Some fear is normal and healthy. It's a helpful animal instinct that kept our ancestors from being eaten by bigger animals. Fear, generally speaking, keeps us out of trouble. However, it can be paralyzing if not examined or kept in our modern context. Fear can pop up when we start to think about the "what ifs." Changing jobs, starting a new business, or leaving a partner are just a few examples that commonly spark fear in an unproductive way that inhibits our ability to make our best decisions.
When facing these scenarios, common advice is to just buck up and don't be afraid. That advice is neither actionable nor realistic. Instead, you can develop a more productive relationship with your fears. By being open with yourself about what you're afraid of, you can use fear to your advantage to propel you forward and keep you out of avoidable trouble.
Getting to know your fears is an important part of getting to know yourself and how you react when bad things happen. One way to build that self-awareness is to think back to a time when one of your fears came true.
To start, pick a time in your life when you feared something bad would happen and then it did. Think about a big area in your life -- job, health, romantic relationships, etc. when something went terribly wrong. Once you have that event in mind, review and respond to the following questions. Grab a pen and a piece of paper and jot down the first thoughts that come to mind. Don't overthink it.
- Before this bad event happened, what were you worried about?
- How did this fear come true?
- How did you feel the moment you first learned about this terrible event?
- While you were feeling what you were feeling, what did you do?
- What actions did you take to start to improve the situation?
- What worked? What didn't work?
- One week after the bad thing, how did you feel?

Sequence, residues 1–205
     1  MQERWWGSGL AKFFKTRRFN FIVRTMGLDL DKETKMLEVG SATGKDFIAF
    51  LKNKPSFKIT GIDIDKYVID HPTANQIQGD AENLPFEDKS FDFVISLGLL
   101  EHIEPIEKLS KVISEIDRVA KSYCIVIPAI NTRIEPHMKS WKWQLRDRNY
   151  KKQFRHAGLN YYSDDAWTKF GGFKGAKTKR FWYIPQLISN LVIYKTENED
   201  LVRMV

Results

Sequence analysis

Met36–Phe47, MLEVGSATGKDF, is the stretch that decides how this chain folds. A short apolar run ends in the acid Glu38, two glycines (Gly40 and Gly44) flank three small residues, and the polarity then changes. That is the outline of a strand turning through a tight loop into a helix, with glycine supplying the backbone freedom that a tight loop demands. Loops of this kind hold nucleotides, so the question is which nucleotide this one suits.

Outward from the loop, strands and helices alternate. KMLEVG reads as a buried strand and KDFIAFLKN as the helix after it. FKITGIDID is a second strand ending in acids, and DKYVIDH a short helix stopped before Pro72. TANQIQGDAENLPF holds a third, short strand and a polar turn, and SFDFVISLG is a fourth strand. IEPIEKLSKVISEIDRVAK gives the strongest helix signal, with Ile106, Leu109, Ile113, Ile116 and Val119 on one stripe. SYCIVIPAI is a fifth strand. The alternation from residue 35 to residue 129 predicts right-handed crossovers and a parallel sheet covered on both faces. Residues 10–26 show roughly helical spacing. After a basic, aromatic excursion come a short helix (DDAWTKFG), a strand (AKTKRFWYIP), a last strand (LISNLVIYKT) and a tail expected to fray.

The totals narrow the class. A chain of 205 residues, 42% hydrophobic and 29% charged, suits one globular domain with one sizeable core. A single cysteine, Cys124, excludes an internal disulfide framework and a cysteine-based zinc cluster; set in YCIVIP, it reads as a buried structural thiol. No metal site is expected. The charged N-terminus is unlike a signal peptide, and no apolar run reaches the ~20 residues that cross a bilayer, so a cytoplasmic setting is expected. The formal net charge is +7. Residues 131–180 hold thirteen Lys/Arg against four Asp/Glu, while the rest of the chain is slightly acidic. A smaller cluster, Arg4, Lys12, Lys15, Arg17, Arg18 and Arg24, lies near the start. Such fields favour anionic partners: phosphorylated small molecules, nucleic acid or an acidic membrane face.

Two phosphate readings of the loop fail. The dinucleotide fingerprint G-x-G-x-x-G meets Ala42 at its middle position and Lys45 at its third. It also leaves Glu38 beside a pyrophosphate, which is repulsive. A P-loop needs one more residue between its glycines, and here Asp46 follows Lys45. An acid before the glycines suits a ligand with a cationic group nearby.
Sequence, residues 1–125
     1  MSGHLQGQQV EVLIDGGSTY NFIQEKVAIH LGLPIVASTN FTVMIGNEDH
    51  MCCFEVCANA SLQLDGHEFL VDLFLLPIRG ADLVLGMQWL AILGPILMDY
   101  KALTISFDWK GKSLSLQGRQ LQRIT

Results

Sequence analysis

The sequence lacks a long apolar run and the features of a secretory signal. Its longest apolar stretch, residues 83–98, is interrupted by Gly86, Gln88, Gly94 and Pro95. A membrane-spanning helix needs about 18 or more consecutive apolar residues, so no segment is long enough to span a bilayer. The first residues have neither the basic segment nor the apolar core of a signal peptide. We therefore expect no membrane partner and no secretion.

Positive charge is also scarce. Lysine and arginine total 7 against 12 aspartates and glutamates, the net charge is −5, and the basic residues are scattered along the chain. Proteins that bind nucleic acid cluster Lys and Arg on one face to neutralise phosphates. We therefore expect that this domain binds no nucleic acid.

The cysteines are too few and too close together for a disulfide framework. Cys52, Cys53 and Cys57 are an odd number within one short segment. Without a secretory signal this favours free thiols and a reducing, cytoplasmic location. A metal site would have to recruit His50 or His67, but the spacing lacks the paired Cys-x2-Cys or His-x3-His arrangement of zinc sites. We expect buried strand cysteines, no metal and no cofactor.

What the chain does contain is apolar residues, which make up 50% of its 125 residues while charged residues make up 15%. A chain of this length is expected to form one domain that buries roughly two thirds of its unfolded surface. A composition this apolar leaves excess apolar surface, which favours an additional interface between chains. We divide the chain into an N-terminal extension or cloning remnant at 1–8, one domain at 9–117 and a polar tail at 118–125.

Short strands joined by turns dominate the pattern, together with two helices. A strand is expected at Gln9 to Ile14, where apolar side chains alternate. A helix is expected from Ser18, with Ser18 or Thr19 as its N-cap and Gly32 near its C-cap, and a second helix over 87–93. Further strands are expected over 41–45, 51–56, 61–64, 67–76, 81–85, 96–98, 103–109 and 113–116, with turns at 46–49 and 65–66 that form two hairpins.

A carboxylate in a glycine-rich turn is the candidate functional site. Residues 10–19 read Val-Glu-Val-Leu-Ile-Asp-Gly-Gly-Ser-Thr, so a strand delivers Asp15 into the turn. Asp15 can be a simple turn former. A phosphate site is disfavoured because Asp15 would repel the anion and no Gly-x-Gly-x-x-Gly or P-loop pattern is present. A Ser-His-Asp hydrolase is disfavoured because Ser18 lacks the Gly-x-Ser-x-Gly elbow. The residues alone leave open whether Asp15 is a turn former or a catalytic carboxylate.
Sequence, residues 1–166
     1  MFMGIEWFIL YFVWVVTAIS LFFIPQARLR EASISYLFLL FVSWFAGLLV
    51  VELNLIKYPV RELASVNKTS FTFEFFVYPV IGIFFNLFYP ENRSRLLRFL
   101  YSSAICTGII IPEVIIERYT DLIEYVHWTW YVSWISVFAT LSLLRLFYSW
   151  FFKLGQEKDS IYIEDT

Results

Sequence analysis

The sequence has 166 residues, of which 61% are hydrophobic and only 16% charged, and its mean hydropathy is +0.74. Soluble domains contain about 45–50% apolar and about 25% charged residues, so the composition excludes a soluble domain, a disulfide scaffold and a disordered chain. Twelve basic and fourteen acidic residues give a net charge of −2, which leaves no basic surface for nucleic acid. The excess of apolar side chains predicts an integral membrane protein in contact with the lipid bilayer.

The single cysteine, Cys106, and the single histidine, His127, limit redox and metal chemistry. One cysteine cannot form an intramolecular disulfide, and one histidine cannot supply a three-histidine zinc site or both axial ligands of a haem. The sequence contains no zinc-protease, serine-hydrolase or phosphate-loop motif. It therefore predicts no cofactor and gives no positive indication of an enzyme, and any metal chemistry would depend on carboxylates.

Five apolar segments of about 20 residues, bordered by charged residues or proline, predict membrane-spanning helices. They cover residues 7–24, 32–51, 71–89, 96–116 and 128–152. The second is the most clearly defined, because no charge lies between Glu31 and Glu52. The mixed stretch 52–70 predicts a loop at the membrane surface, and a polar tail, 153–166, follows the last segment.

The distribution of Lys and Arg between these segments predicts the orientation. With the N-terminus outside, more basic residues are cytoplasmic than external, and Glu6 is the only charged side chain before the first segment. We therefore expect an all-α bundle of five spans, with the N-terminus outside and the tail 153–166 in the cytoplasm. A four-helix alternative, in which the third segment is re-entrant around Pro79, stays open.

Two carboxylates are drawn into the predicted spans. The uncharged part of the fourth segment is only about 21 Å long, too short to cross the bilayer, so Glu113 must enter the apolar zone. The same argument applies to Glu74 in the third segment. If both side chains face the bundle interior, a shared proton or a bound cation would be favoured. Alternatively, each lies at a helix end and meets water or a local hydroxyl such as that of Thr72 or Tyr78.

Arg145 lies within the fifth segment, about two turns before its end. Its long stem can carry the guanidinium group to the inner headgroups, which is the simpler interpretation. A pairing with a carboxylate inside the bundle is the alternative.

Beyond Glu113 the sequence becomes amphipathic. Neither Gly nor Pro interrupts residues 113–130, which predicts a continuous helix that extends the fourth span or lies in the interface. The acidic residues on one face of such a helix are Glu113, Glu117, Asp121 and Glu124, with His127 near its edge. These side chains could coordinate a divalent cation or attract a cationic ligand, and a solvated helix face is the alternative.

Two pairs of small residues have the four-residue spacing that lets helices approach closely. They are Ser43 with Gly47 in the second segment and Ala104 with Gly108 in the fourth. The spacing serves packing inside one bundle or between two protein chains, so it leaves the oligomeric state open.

- What about a month later?
- Who came to help you out?
- Who said "I told you so" or reacted in a judgmental way?
- Did your pre-worrying about the event help prepare you?
- What did you learn about yourself going through that event?
- Do you think of yourself as resilient?
- Do you believe you are resourceful?
These questions are designed to help you better understand your fears and how you typically respond. Your answers can help give you perspective and prepare you for future difficulties.
3 months ago I lost a big client. It was exactly the thing I'd been most afraid of, and then it happened. It felt terrible in the moment and continued to feel pretty awful for several days after. I felt like a failure and was really worried about what it meant for the future of my business and career. As bad as that felt at the time, I didn't have any regrets about the risks I'd taken to get to that point. I also remembered that I have a remarkable support network and a lot of friends and colleagues who are willing to help out. I learned that I can be pretty resourceful.
Understanding your fears and how you respond in a crisis can help you be more prepared and better able to heal whatever damage is done. That's resilience.
We're all similar in that we're much more resilient than we realize. We learn and grow but don't always give ourselves credit for coming through the tough times. But these moments of struggle are opportunities to gain strength and build up our confidence. They're also opportunities to think of how we can be more prepared for future hardships.
Immediately after reflecting on what you did the last time you faced adversity, answer this simple series of questions to put your current fears in context.
- What is your biggest fear currently?
- What's the worst case scenario if your fear comes true?
- Who will be there to help?
- What reasonable action could you take today to minimize some of the damage if that bad event where to happen?
- Will you be able to get through your worst case scenario and recover?
I'll fill in the answer for you on this last one: Yes. You'll survive just like you have whenever bad things happened before. You're so much stronger and more resourceful than you give yourself credit for. Answering these questions builds further self-awareness about your fears, what might happen if they come true, and your ability to react and respond.